Plaintiff has a high educational level, including a bachelor's degree, a business degree, and a law degree. (AR 347.) She married in July 1989, gave birth to triplets, but her husband filed divorce papers in June 2002. (AR 348.) Beginning in July 2004, and continuing through at least January 2011, with some interruptions in treatment,*fn1 Plaintiff was under the care of treating psychiatrist Dr. Peyser. (AR 343-355, 369-372, 400-429.) Dr. Peyser diagnosed Plaintiff as having generalized anxiety disorder, panic disorder, recurrent major depression and cognitive disorder, and concluded that she is "genuinely disabled by her condition." (AR 354.)

The record also contains reports of consultative psychiatric examiner ("CE") Dr. Weems (AR 298-301) and Dr. Howard, a psychologist (AR 304-306).

Plaintiff contends that the ALJ improperly rejected the opinions of the treating psychiatrist and the consultative examiners. For the reasons to be set forth, the Court disagrees, and concludes, rather, that the ALJ properly incorporated and evaluated these opinions in setting forth Plaintiff's MRFC.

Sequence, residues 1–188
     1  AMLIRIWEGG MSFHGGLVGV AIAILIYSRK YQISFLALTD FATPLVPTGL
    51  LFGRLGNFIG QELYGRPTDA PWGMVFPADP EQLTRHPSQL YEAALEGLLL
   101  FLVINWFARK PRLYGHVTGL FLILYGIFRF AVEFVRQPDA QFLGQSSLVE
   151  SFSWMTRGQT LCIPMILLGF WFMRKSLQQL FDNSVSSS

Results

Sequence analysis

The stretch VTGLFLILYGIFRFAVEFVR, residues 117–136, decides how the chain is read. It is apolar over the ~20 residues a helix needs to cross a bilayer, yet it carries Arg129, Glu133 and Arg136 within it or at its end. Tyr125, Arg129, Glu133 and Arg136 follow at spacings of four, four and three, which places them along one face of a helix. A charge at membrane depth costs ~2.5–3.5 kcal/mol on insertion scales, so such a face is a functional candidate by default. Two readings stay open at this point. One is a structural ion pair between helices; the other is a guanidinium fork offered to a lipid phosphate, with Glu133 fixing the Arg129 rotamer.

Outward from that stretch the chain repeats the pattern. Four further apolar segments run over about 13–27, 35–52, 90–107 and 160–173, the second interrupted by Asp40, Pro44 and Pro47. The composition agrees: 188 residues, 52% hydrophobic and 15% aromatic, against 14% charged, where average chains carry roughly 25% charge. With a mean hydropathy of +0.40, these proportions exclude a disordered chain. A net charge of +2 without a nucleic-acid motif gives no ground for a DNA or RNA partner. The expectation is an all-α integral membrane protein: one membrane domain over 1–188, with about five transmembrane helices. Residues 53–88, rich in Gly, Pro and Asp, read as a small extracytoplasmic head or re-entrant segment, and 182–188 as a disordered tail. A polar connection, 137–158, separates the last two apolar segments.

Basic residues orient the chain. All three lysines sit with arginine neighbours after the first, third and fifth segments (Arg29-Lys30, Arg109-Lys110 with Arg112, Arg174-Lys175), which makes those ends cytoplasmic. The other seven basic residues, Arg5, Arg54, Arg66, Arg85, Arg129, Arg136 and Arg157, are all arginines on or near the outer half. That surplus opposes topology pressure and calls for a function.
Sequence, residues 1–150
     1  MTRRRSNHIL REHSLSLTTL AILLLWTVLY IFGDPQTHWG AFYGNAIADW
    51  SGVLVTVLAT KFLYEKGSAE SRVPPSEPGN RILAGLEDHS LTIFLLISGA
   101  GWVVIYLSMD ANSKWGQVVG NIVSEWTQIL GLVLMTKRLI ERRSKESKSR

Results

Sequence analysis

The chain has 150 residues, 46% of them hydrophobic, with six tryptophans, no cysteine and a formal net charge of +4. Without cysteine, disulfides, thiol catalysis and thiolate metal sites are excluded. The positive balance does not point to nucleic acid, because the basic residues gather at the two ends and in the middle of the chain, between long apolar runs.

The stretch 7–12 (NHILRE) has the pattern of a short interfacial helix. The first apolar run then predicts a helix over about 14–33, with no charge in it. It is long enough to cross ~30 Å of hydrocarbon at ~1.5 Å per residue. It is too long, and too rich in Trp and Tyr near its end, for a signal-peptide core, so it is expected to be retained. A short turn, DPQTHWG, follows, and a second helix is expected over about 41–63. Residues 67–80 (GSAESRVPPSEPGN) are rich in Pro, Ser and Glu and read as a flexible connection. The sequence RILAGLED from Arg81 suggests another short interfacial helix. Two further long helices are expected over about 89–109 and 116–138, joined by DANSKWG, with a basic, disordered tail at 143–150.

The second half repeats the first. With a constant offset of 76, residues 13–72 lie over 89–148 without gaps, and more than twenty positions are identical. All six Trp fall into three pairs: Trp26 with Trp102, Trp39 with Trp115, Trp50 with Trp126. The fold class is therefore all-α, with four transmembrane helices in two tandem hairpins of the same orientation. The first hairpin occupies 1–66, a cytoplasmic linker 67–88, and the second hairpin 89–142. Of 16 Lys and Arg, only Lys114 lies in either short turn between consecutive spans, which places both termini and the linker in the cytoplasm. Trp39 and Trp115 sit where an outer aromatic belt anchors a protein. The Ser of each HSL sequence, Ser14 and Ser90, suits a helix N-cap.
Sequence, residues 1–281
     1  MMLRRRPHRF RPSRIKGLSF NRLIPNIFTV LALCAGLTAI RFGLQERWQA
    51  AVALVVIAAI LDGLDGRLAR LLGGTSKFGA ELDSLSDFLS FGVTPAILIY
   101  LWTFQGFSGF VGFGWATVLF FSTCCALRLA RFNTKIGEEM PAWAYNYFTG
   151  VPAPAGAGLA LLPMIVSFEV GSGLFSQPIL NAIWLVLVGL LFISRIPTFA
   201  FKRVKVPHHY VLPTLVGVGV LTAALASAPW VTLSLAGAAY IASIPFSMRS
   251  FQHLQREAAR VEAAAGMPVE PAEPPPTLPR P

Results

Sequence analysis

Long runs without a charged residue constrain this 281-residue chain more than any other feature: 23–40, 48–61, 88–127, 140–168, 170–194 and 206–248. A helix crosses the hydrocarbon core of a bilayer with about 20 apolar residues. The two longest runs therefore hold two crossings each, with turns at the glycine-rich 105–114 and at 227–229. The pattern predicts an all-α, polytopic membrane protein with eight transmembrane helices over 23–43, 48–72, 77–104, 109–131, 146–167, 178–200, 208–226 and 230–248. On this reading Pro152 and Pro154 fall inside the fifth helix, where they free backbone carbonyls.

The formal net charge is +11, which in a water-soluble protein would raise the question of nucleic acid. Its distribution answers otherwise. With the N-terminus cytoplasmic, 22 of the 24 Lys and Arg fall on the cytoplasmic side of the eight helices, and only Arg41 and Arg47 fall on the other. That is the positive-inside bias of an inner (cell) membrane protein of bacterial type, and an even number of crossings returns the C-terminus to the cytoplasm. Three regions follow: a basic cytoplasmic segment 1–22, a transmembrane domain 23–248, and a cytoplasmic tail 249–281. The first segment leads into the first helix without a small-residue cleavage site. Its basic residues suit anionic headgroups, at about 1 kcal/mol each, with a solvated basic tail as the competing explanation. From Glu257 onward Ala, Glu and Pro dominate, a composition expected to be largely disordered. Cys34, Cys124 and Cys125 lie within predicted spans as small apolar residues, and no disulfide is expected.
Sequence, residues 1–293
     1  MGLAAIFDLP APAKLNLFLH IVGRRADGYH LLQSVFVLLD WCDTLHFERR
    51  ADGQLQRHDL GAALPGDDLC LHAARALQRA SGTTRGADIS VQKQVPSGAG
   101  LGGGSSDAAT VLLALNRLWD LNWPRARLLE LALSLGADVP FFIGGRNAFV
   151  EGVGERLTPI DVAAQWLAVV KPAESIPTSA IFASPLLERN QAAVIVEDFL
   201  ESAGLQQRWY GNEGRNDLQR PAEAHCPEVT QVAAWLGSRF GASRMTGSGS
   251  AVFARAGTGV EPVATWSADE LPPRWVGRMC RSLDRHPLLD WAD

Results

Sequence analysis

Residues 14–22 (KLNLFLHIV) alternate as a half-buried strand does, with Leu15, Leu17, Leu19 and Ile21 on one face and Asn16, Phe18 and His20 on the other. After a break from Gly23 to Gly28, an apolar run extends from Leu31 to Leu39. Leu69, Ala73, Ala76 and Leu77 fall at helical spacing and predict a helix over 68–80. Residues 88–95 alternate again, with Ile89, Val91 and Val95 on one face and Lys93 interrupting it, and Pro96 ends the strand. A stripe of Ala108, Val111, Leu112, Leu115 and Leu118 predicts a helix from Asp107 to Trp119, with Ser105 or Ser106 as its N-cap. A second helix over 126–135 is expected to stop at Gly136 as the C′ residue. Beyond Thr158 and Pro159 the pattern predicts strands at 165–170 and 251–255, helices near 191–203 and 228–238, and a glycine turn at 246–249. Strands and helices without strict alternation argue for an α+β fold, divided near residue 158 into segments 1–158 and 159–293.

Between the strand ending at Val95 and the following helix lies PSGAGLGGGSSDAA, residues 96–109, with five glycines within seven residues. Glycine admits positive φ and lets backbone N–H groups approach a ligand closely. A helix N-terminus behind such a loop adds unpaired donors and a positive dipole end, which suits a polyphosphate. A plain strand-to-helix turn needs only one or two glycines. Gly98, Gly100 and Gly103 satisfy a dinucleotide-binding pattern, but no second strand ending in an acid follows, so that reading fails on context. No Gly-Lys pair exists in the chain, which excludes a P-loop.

A. Applicable Law.

In evaluating mental impairments, 20 C.F.R. §404.1520a(c)(3)(4) and §416.920a(c)(3)(4) mandate that consideration be given, among other things, to activities of daily living ("ADLs"), social functioning; concentration, persistence, or pace; and episodes of decompensation. These factors are generally analyzed in a Psychiatric Review Technique Form ("PRTF"). The PRTF is used at Step Three of the sequential evaluation to determine if a claimant is disabled under the Listing of Impairments; however, the same data must be considered at subsequent steps unless the mental impairment is found to be not severe at Step Two. See SSR 85-16.

20 C.F.R. §§404.1520a(c)(1) and 416.920a(c)(1) require consideration of "all relevant and available clinical signs and laboratory findings, the effects of your symptoms, and how your functioning may be affected by factors including, but not limited to, chronic mental disorders, structured settings, medication and other treatment."*fn2

SSR 85-16 suggests the following as relevant evidence: